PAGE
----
Are two hearing aids better than one?

Until quite recently - certainly in the UK - it seemed normal for deaf people to be given just one hearing aid. This may have been on the grounds of cost as hearing aids were - and are - very expensive, or it may have been through lack of understanding of the benefits of wearing a hearing aid in each ear.

The benefits of two hearing aids

On a separate page I explain that where each ear hears sounds differently, which I call having unbalanced hearing, the sense of direction is distorted. If the hearing is extremely unbalanced, there is effectively no sense of direction at all, and all the sounds around merge together. This is why people with unbalanced hearing have so much trouble with background noise and with interacting in social situations where lots of people are talking together.

Wearing just one hearing aid very much exaggerates unbalanced hearing and accordingly exaggerates all the problems that come with it. Wearing just one hearing aid only improves hearing - ie understanding of what one hears - only if there is no background noise.

In the past, my experience of the NHS* was that it, too, supplied only one aid. Nowadays, though, unless the circumstances are exceptional, it invariably seems to supply two, one for each ear. In my experience of private suppliers - which may be unrepresentative - they still seem quite prepared to sell a hearing aid for one ear alone. I suspect this is because so many customers would be seriously put off at the price of two.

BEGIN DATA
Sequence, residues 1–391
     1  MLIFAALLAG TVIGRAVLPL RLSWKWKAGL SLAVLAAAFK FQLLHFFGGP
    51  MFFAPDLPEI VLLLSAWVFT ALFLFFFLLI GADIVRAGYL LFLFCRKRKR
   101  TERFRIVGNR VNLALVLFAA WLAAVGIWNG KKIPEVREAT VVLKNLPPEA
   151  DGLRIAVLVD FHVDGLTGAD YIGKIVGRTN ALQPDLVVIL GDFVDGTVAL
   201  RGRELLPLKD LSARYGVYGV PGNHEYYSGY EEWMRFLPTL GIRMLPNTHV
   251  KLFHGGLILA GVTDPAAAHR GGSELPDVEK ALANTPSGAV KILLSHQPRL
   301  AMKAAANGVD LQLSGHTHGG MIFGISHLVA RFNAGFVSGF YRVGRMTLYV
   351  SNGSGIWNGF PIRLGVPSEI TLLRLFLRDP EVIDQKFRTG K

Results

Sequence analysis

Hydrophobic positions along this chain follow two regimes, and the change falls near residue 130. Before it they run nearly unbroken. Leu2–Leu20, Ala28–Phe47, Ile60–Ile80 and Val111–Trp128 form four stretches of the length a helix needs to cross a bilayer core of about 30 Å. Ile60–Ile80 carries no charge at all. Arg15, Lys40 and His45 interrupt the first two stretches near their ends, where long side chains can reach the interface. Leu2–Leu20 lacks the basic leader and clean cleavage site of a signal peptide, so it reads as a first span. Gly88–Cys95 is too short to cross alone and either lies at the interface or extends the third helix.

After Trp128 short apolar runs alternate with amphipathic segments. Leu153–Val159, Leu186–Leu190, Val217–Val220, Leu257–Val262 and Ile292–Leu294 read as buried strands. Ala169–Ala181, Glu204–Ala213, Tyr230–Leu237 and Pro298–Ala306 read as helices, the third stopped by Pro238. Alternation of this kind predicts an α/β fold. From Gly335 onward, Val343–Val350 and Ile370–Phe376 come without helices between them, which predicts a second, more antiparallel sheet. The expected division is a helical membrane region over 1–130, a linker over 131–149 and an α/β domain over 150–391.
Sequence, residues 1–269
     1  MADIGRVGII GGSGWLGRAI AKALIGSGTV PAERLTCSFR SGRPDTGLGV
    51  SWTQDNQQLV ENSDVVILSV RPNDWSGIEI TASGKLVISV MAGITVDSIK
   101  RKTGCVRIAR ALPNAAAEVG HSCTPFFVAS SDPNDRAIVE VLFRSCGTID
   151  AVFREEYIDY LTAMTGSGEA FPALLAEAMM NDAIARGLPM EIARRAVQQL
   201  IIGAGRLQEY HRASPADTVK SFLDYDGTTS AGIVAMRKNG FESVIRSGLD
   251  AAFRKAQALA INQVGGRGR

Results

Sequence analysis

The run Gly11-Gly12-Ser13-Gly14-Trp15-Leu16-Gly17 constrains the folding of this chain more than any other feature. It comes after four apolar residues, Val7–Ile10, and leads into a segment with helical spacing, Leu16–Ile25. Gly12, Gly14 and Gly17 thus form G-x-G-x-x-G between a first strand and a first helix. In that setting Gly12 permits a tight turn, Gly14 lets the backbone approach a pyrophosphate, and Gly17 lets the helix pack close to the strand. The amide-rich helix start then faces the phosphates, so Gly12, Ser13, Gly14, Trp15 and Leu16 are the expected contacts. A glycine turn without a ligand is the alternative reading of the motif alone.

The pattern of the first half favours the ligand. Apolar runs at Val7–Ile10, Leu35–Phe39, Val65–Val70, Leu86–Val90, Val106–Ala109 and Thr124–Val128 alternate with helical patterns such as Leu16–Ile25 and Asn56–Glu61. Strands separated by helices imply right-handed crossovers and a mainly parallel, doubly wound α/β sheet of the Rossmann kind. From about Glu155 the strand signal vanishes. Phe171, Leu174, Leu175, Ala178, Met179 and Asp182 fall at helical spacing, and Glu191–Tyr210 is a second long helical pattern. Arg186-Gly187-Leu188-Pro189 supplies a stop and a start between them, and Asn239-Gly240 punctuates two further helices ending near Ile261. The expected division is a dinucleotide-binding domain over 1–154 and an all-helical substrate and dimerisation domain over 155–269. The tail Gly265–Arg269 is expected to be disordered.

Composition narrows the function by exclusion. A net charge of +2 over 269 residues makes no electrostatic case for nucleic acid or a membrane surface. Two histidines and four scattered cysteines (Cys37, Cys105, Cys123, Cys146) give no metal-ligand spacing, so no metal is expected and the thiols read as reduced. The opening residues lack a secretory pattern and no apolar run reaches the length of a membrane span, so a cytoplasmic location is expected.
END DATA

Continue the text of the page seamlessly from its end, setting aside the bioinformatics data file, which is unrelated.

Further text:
My experience of wearing two hearing aids

I am very pleased with my NHS hearing aids. My hearing is such that even with two aids, I shall never hear perfectly. Nevertheless, the two aids really do improve matters. A benefit that I hadn't expected but which really pleases me is that before I had them, the sounds around me which all merged together without apparently having any direction, actually sounded inside my head. Now they seem to be outside my head. This is probably something that anyone with normal hearing can't understand - but I promise you, it is very much less tiring.

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* The NHS is the UK's National Health Service which is free at the point of delivery.



Disclaimer: The information on this site is for a lay audience and I cannot be responsible for errors or omissions. The views, strategies, advice and suggestions etc are based on my personal experience and are not necessarily appropriate for anyone else. They should, hopefully, stimulate individuals to develop their own strategies.